Nicky Henderson feels he has Epatante “back in a good place” as the mare attempts to regain her Ladbrokes Christmas Hurdle crown at Kempton on Boxing Day.
Winner of the race in fine style in 2019, she was the hot favourite to record back-to-back victories last year but had no answer to the ill-fated Silver Streak.
The JP McManus-owned mare also failed to defend her Champion Hurdle title at Cheltenham, with Henderson subsequently discovering she had a problem with her back.
With that fixed the seven-year-old got back to winning ways in dead-heating with Not So Sleepy – who reopposes – in the Fighting Fifth Hurdle at Newcastle last month.
“I’d have to say I’m very happy. Everything up to Newcastle had gone well and her run there went well. She travelled well and jumped beautifully,” said Henderson.
“She just had a little bit of a bumpy passage from the second-last to the last, (but) I’d have settled for the dead-heat because my most pleasing thing was the way she ran and jumped – she jumped absolutely brilliantly, which is her hallmark.
“That’s what was missing when she went to Kempton last year. I just think her work has been very sweet, she’s in a good place this year. She had a good race at Newcastle and we’ve had time to freshen her up and start again.
“You wouldn’t want to see the Epatante that was at Kempton last year, I think she was uncomfortable before the race and she didn’t jump with her normal accuracy and speed. She was very fidgety before the race, but take nothing away from Silver Streak.
“I suspect with Not So Sleepy we should get a very strong pace. That won’t worry her. If we get no pace I think she’s got a gear.”
Not So Sleepy’s dead-heat was a first triumph at the highest level over jumps for trainer Hughie Morrison.
“It was nice to finally tick that box (of a top-level winner over jumps), but we have not had too many opportunities to win a Grade One,” he said.
“Marble Arch finishing second in the 2002 Champion Hurdle was very exciting, but to get that Grade One is a nice addition to the roster. At Cheltenham he was the second best of the British-trained horses in the Champion Hurdle when he finished fifth.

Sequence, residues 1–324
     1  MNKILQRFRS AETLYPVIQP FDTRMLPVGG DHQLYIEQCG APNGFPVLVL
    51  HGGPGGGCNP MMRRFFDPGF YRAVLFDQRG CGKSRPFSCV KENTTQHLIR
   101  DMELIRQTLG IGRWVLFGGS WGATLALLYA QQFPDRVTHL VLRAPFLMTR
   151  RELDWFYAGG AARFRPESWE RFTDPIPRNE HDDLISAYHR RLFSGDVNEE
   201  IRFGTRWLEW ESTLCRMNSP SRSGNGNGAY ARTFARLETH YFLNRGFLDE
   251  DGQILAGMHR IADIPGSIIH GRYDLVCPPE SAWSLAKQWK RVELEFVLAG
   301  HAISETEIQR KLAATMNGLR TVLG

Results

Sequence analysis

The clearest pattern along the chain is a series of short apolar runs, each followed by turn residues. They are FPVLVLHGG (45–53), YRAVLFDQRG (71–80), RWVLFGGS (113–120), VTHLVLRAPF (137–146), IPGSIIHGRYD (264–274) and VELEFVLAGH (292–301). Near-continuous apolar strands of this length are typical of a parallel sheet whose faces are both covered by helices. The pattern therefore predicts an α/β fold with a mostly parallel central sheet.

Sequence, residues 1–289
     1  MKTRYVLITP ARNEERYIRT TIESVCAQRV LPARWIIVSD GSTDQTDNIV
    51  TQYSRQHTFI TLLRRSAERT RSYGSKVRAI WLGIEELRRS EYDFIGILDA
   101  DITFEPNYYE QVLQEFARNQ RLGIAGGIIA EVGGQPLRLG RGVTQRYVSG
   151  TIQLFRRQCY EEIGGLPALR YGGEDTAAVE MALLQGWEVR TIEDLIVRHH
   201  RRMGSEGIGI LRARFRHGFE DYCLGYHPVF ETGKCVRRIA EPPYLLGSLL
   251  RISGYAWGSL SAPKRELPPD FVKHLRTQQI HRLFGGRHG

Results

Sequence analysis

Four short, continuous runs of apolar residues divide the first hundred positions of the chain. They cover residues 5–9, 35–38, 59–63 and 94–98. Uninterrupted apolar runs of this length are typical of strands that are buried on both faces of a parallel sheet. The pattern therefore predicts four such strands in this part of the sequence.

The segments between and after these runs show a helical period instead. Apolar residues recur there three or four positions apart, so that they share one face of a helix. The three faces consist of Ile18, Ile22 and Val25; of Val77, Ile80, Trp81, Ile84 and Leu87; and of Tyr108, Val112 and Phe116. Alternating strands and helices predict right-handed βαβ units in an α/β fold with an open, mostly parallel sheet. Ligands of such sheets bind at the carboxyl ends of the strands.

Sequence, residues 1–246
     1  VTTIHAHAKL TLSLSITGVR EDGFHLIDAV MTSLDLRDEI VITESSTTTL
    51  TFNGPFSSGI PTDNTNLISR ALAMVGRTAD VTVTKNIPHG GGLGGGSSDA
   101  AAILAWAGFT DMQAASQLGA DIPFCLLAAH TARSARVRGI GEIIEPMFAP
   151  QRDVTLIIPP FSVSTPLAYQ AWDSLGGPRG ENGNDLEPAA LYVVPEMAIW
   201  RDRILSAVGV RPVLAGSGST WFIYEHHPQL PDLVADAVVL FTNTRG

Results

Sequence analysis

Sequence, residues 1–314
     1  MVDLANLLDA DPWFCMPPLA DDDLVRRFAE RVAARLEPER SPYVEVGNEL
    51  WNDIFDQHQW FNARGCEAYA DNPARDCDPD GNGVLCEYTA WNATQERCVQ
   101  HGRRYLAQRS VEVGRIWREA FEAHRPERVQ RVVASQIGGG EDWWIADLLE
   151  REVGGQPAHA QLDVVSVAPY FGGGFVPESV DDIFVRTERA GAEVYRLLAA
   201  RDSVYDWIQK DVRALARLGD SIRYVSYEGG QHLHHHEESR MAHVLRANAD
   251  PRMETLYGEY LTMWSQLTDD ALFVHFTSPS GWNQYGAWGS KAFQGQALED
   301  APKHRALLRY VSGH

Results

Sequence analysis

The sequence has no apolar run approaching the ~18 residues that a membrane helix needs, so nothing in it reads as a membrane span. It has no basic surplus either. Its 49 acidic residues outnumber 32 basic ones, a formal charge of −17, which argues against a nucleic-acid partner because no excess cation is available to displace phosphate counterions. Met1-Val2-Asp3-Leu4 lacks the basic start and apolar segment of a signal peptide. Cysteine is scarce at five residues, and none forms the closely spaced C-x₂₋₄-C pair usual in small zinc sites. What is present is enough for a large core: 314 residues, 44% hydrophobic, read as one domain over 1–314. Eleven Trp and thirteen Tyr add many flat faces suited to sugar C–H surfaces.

“He has probably improved two or three pounds since last spring, but he did deserve a win in a race like the Fighting Fifth.
“The nice thing about winning the Fighting Fifth was that it showed that we were not tilting at windmills in those Grade One races.”
Having looked beaten when not jumping the last well, Not So Sleepy showed admirable battling qualities to get back up and share the spoils.
Morrison added: “You go back to his Dee Stakes win at Chester in 2015 and you watch him put his head down that day after he was headed as well.
“He is not stupid as he works out when he can compete. If he can’t compete he just says, ‘it’s your turn today’.
“He is keen enough in his races, but it looks worse than it is as if it was that bad he would never have got home in half of those races.”
Alan King’s Tritonic is back in action at Kempton having won the Betfair Exchange Trophy at Ascot just last weekend.
Successful in the Grade Two Adonis Juvenile Hurdle at Kempton, the four-year-old disappointed in the Triumph Hurdle at the Festival and ran twice afterwards on the Flat.
This term he has rediscovered his form, however, and King is hopeful he has more to offer still.
“Tritonic put up a great performance at Ascot and, in doing so, showed how much he had been sharpened up mentally by his run at Cheltenham (Greatwood Hurdle),” the trainer said via his website.
“He actually pricked his ears between the last two flights, suggesting that there might still be a bit more in the tank.”
Also taking his chance is Jonjo O’Neill’s Soaring Glory, who was fourth of four in a Listed Hurdle at Newbury when last seen but won a handicap contest at the same level on his prior run in October.
Tom Lacey’s Glory And Fortune is broadly the outsider of the field and takes a significant step up in class after his recent runs in Grade Three and handicap company.